Monday, October 5, 2020

3d Printed surface tests

So one of the issues with have a 3d printer is layer lines.  The printer makes models by building layers of plastic, the size of which depends on printer type and printing settings.  For a printer like the Ender 3, layer lines can get under a mm in height, which is small enough that you can not see them from any sort of distance, but you can see them when blown up on the screen, and can feel them a bit with your finger (human fingertips can apparently feel as small as 13nm differences in height). 

So reducing layer lines is something that is worth looking in to a bit, and to that end I produce a small sample, which I treated in various ways to see how it was altered.  I made a test piece with five surfaces, and then sprayed that with a layer of cream spray paint to see how it would look.  I went another step and washed with a coat of Games Workshop's Nuln Oil to see how the finish was for a wash, since I use washes a lot with my figures. 

Initial 3d surface print test with filing and filling
Surfaces are:

1. Raw out of the printer
2. Filed
3. Filed and covered with black gesso
4. Filed and covered with Future
5. Filed and covered with PVA

Sprayed  3d print surface test cream white

Painted with Nuln Oil wash
Honestly, I think the biggest take away is that the surface is easily scratched by filing, and that I need to be more careful there.  This can be seen most clearly on 5, where the filing was very good next to the number, but less good under it.  Number three is similar, but also shows more damage due to scratching since it was harder to reach the middle of the sample.  Since I have two copies of the M5a1 tank, I think I will cover one with gesso, and one with PVA, and then see how the finishes turn out in the end.

 Also evident are the changing conditions locally, since you can see that two of the three pictures are slightly orange from smoky air.  It was actually clean enough to breath for that middle stage!  When of course I was wearing a mask anyway...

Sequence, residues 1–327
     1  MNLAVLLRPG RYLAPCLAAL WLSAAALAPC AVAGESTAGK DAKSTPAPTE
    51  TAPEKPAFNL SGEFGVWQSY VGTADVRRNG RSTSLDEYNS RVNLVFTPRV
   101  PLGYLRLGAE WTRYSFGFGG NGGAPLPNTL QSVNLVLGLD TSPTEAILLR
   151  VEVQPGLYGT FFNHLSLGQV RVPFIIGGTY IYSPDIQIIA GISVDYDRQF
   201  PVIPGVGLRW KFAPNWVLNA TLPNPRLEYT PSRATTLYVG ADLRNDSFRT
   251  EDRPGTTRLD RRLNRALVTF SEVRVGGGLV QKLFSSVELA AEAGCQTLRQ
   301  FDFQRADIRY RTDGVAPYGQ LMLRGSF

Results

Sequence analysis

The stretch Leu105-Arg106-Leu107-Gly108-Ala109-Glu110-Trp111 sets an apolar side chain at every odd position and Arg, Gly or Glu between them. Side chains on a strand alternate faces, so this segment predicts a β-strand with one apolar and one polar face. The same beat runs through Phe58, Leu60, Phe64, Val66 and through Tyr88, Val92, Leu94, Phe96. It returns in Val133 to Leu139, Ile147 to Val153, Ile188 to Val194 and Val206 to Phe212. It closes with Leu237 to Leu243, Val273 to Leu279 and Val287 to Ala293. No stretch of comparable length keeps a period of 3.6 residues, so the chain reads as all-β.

Heisler said...

I have no idea about how hard that plastic is but you could try using a very fine sandpaper (at least 800 grit) or try using steel wool. These days the best source of steel wool, in different grades, is Home Depot or Lowe’s. Anything from the grocery store will likely have soap in it.

Stew said...

I wouldn’t of thought that smoke could produce such a color, might have to rethink my own habits of when I prime and such.

I hope your experiment will prove useful as you get the 3D printer up and running. 😀

Lasgunpacker said...

Burning a million acres of forest and grassland does tend to put a pall over things...

And good idea with the fine grit and steel wool Heisler, I will have to run another test.

FourEyedMonster said...

Just hit me that you are in California and you guys are suffering from massive fires right? Climate change sucks ... hope you and your family are staying safe.

Lasgunpacker said...

FourEyedMonster, yes, massive massive fires, but other than ruining the sky here, little local effect. Wife's cousins were displaced for a while, but lucky for them, no serious damage to their property.